|K3's Astronomy - Telescopes|
|"When I consider your heavens, the work of your fingers, the moon and the stars which You have set in place, what is Man that You are mindful of him?" -- Psalm 8:3,4|
This article shows a basic principle of prime focus astrophotography. It can help beginners to find a focusing position of their camera if eyepiece focusing position is known.
In prime focus astrophotography the camera is mounted in the focal plane of the telescope's objective (the objective can be mirror or lens) without any additional lens. The following picture shows a difference between normal watching through scope (using eye) and prime focus:
As you can see in the picture, when you are watching through a scope using eyepiece, the distance between the main objective and eyepiece lens is fO + fE . When using a CCD camera at prime focus, the CCD chip plane must be identical with the main objective focal plane - i.e. the CCD chip distance from the main objective is only fO . This means, that your scope focuser must enable you to move the camera a bit inwards - towards the main objective.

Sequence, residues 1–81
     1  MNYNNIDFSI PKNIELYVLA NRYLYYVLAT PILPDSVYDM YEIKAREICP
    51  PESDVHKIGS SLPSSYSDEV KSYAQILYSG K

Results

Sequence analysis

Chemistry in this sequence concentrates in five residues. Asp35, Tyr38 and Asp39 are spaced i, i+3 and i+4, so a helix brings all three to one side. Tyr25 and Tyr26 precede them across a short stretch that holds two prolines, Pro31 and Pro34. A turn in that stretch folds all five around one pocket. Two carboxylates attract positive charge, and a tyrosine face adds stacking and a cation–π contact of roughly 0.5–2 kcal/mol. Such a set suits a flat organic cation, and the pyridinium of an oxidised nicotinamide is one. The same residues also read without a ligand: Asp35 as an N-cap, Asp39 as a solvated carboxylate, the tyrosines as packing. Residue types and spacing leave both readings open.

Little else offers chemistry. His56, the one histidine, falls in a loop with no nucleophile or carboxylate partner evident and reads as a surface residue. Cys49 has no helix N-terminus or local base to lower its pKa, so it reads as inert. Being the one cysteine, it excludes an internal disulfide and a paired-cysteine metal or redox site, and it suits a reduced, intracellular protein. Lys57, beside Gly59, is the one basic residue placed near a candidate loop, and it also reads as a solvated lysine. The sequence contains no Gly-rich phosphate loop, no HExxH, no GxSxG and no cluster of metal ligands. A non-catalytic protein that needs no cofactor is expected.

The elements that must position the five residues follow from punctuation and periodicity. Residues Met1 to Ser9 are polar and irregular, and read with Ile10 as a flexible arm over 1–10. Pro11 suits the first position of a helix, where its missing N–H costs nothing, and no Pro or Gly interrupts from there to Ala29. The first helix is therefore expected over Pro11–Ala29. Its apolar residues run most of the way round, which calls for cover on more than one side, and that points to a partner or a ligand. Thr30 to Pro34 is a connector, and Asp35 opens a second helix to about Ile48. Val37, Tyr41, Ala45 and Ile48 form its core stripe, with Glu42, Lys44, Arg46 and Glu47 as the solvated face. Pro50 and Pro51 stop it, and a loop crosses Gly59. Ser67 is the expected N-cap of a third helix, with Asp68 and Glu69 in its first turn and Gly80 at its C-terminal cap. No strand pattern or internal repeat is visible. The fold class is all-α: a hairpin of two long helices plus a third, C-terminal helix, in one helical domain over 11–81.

Let's suppose that we have a Newtonian with focal
length 1000mm and we use 10mm eyepiece for visual
watching. When the telescope is focused on a very far
object (all astronomy objects are very far) - the
eyepiece lens is at 1000mm + 10mm = 1010mm distance
from the main mirror (distance in our case is length of
light ray from the objective to the eyepiece lense). When
we want to use the CCD camera at prime focus, then the
CCD chip must be positioned 10mm inwards in comparison
with eyepiece position - i.e. the distance of CCD from
the main mirror is 1000mm.
Computer generated images, real images, drawings and texts are property of the author and may not be reproduced or used without permission of author.
Last Update: 10.06.2006